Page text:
There also is a secondary problem when recomposing strongly. The cameras mentioned above often also base exposure and flash exposure on the selected AF sensor, assuming it points at the main subject. So the metering cell(s) close to the selected AF sensor are given priority over the other cells. But when you recompose, the selected sensor no longer points at the main subject, and you may end up with incorrect (flash) exposure.

    The lesson to be learned here is to always select the AF sensor closest to the main subject, even if this sensor has a weaker performance than the central sensor. Recomposing by a significant amount should be avoided as much as possible, for accurate focus and correct exposure.
  • Susan, some good info on rotational POV problems with AF, but the problem could be the result of a myriad of issues ....

    The first thing you need to determine is that you don't have a malfunction with the equipment you are using. Try mounting the camera on a tripod and shooting something at the zoom range and focal range similar to where you are having problems. Use a target that has fine detail. By using a tripod, you eliminate the possibility that your soft focus isn't actually coming from camera shake ... remember that a 70-200 on the D300s is actually capturing at the equivalent of a 300mm lens ... you didn't mention the shutter speed used, if it is below 1/300 sec. and you aren't bracing your grip on the combo ... that could be your problem ... If in this test, the camera/lens combo is offering tack sharp results, then your problem is likely technique related.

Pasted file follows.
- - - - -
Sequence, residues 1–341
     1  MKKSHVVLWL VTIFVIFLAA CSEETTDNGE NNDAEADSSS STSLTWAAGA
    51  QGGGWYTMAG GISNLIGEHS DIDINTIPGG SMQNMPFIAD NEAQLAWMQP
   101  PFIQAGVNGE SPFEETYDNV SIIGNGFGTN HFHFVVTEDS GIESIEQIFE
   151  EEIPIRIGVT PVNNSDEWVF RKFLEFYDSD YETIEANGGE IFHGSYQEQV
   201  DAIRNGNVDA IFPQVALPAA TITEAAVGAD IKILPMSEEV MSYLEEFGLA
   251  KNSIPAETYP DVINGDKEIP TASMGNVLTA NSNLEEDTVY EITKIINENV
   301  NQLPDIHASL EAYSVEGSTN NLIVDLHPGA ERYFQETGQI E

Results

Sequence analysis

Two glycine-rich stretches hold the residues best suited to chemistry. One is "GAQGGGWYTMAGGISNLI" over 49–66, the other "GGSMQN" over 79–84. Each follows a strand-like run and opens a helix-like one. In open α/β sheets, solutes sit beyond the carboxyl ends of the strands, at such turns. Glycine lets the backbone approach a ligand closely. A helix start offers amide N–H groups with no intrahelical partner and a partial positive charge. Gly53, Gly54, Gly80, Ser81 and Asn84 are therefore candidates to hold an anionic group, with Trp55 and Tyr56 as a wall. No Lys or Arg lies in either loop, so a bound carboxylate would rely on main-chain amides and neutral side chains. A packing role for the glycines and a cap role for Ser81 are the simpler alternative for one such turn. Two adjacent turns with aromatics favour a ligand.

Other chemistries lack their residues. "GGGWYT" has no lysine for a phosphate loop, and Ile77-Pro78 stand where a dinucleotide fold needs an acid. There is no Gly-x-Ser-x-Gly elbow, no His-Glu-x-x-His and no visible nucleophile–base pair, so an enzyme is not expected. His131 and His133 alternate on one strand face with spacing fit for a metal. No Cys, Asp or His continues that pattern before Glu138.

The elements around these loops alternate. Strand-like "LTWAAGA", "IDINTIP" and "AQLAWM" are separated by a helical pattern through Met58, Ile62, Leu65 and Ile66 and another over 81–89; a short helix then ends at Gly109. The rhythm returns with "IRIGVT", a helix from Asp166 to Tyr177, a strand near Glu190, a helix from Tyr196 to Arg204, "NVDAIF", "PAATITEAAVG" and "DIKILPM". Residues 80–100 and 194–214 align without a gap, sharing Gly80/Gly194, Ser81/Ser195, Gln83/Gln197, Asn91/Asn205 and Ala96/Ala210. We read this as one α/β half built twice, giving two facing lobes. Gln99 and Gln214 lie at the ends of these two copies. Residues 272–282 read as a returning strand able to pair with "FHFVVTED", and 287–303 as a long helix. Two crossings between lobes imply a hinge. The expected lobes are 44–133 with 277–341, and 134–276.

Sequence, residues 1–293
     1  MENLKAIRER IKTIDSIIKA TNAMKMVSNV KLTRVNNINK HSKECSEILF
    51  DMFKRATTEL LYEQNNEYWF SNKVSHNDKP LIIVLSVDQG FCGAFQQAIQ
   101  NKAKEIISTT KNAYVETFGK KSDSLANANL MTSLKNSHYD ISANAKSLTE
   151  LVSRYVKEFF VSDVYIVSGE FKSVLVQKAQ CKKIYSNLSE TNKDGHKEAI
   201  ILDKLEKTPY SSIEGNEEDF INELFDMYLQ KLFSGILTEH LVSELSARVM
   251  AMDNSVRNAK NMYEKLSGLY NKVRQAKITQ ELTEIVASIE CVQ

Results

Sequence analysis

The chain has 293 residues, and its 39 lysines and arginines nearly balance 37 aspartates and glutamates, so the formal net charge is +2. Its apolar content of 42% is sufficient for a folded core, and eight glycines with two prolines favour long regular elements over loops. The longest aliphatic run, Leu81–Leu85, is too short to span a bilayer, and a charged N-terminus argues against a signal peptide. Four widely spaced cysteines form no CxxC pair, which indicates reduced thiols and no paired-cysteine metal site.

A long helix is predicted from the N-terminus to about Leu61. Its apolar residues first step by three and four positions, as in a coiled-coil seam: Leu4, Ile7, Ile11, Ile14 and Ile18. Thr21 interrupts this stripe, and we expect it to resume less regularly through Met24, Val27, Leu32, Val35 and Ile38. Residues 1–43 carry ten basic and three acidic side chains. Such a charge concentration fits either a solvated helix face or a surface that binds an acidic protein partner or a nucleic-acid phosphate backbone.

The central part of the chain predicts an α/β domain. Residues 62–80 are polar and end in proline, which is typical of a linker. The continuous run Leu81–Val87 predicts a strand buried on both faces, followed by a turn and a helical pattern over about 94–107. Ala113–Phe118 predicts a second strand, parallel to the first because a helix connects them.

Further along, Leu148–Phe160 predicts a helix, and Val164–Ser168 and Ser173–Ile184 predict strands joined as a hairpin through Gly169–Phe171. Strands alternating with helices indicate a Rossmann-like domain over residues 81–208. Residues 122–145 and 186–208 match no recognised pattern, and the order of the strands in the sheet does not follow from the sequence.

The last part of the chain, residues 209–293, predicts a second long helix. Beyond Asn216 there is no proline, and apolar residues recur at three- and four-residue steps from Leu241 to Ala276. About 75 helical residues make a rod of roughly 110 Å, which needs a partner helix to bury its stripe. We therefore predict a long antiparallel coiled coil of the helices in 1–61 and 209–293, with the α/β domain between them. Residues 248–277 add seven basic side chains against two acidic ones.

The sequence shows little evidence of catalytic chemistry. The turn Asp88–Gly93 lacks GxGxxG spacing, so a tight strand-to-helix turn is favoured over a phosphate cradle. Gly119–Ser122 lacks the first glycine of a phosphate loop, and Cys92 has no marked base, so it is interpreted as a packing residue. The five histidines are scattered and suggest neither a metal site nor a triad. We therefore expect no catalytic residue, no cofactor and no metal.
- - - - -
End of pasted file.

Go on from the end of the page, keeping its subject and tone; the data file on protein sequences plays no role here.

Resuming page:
Secondly ... learn to use the back button for AF activation (there is a custom menu setting for this) instead of the half-press shutter release to lock focus ... simply use your thumb to invoke AF, remove your thumb and the focus is locked ... thereby removing the possibility that something is going a rye with locking focus ... After over 20 years of using the shutter release for activating AF, I made the move to the back AF button and have to say that separating the tasks, has improved my AF capabilities dramatically ... It was quite awkward at first, but I wouldn't go back now.

    Thirdly ... if you find out you have a bit of AF focus softness at certain zoom ranges, you could have the camera and/or lens checked for calibration ... or you can actually dial in AF focus using a setting on the D300s ... this takes a bit of trial and error to set up, but once you set it, it works quite well. It also is lens independent ... the adjustment you make will only be applied to that specific lens when it is attached. Your other lens will not be affected by that adjustment.
  • Hello Susan,

    what everyone is saying about focus and recompose is true but if ur zomed in to 200mm it shouldn't make to much of a difference, i had the same issue as u, see my thread http://neilvn.com/forum/discussion/512/sent-it-in-twice-but-it-still-back-focuses#Item_10 on my d7000 with my 70-200 after much testing i set my cameras micro adjustment to -15 for that lens,

    just went out shooting yesterday and it seems pretty sharp now this image is taken at 1250 of a sec f2.8 image